…..'A sense of humour lends you poise, it gives you balance and it helps you to bend without breaking'…..

(HH Pujya Gurudev Swami Chinmayananda)

Final Friday Feedstuffs!

Can you believe it is time for another recipe?  Quickest four weeks this year!

What's on the menu this month?  Well, I am sure many of you know the basics of this one, but remember the trick from YAM's side is the OnePot1der; the rice cooker which does everything else too!  How to prepare a gratin dish in a single 'pan'?  It goes like this…


I used a cup of cauliflower florettes, a cup of broccoli florettes and half a cup of fresh peas**
That was more than sufficient for a single person, indeed would do two if used as an accompaniment to, say, some grilled fish, or a vegeburger.

I first boiled the veges until just tender (I like a bit of texture left in 'em - but it's up to you).  I keep the water only just over the veges so as not to drown them and to ensure the remaining liquid is sufficiently infused with their flavour.

Strain off the resultant stock (should be at least a cup, perhaps a little more).  Reserve the veges to side and replace pan on warm plate with a 'dod' of butter (that's Scots for anything from a teaspoon to a spadeful… take your pick as to how rich you like your sauce - I go the 2 teaspoons - cos that's all I got here chaps).

As the butter melts, stir in the requisite amount of plain flour.  This is generally around the tablespoonful, but can be less if you prefer more liquid, gravy-like sauce.  Be careful it doesn't burn, but should be well cooked into the butter.  Now add back the stock, stirring as you go.  By this time, (she now thinks to mention…..meno, remember!), you'll have grated around 2 ozs/50grm of herby cheese.  I use a lovely herbed Edam - but go for your life.  Stilton would be yum. 

This should now be added to the pot.  After adding cheese, adjust seasoning to taste. If sauce getting too thick, use a little milk to thin it out… Finally add back the veges and ensure a full dousing before serving.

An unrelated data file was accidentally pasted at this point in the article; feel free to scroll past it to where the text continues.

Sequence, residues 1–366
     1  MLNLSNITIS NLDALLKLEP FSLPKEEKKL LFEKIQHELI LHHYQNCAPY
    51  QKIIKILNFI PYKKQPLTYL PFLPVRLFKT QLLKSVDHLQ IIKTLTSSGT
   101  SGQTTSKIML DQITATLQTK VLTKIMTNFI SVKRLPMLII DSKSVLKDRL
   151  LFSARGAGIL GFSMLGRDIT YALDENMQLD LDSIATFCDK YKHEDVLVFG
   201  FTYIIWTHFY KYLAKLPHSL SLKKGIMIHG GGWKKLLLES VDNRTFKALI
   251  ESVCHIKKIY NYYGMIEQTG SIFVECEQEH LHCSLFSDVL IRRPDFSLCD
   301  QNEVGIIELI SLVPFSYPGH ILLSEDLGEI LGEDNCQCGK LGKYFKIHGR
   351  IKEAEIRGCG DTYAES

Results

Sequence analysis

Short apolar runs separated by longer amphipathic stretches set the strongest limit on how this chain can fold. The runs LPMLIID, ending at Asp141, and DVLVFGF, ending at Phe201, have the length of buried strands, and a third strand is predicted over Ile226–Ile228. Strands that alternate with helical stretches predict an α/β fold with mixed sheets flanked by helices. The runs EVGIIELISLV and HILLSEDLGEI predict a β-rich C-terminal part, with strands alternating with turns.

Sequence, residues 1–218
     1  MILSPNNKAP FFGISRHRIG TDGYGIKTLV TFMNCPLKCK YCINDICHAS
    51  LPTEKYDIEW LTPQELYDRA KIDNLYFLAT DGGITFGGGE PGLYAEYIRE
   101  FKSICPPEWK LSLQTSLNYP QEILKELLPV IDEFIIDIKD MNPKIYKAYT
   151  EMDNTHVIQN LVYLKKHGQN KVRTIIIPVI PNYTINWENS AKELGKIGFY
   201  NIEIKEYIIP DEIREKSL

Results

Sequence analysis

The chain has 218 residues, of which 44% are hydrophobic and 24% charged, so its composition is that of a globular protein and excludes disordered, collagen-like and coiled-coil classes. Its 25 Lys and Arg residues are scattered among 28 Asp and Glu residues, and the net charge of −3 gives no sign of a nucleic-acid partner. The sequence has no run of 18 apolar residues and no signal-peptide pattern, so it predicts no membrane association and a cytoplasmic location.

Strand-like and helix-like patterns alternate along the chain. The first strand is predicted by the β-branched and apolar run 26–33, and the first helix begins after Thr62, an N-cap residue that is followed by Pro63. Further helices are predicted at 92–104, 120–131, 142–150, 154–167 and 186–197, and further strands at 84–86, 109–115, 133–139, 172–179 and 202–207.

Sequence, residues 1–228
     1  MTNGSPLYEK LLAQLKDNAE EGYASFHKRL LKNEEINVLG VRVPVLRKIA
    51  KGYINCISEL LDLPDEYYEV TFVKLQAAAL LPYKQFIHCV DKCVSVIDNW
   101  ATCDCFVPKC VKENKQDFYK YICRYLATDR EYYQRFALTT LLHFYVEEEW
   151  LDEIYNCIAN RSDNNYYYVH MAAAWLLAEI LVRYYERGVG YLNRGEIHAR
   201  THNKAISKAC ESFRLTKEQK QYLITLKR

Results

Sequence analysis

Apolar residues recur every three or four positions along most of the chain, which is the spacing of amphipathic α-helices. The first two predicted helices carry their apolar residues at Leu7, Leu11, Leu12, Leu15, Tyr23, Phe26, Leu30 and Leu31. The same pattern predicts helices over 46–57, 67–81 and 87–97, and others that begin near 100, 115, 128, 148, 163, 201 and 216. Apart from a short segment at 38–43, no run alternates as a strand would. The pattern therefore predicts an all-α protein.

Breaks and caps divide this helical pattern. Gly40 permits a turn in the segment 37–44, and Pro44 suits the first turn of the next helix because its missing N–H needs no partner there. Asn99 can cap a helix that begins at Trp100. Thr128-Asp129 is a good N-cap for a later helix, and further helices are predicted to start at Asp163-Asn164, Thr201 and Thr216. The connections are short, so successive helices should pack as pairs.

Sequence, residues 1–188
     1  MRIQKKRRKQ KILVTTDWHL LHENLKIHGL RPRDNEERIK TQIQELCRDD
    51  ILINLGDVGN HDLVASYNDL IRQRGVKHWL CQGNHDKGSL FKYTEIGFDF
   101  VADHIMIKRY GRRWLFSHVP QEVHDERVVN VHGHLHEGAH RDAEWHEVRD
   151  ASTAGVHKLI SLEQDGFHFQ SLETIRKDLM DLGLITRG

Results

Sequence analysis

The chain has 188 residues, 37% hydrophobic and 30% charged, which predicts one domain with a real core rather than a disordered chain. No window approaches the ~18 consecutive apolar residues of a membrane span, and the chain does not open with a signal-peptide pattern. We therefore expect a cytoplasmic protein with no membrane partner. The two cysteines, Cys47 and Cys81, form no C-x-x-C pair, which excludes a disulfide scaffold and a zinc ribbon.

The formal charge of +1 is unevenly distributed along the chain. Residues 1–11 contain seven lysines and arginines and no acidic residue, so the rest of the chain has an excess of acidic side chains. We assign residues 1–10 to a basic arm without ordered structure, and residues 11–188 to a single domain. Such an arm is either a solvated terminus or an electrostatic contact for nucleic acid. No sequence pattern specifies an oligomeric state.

I ate it just like this with a bit of wholemeal bread.  It was good.  Very, very good.  It also proved that camping can be fun^^.  Did you wonder why I put ** up there?  Well, here the peas are only sold in the pod.  How exciting.  The little girl pinching from the pea vine came out in me.  I ADORE hulling peas.  Something therapeutic about it.  It is a rule that the ones which escape the bowl must be executed directly.  On the tongue of the executioner.

What?  Peas have a life too!  Aur Khanna.

^^ did you wonder about these also?  Okay so technically being within four walls, a floor and a ceiling doesn't constitute camping per se, but ashram living kinda sorta does…


  1. Looks and seems yum, yam. Thank you. Good to see "net" prob sorted out.

  2. Mmm, does sound good. I love fresh peas. The thought of them always reminds me of my grandmother's garden, where my brother and I thought we were eating peas unbeknownst to Grandma. Ha! She could see us from her kitchen window, but we didn't realize that until we grew tall enough to see out the window.
    (That was Grandma Davies. She was a Fraser from near Aberdeen.)

  3. Hari OM
    Mahal - the boys would love this dish I think! - net stuffs still a bit hickory dickory.. but getting through.

    Kay - oh that wonderful feeling of garden "scrumping"!! A Fraser? Worthy blood in your veins then dear &*>

    Krishna - it is!!!

  4. Good gravy woman! Cooking flour in butter? You're making a roux! I had no idea this was used in subcontinental cuisine! It looks nice, though I'd prefer chickpeas (chana?) to green peas (muttur?) ;) ) Indigo x

  5. Hari Om
    ...a roux indeed, she said ruefully. And no it's not - this is a variation on my ma's Scottish Sunday night dinner. &*>

    Don't worry, there's plenty of chana and muttar dishes still to come. xx


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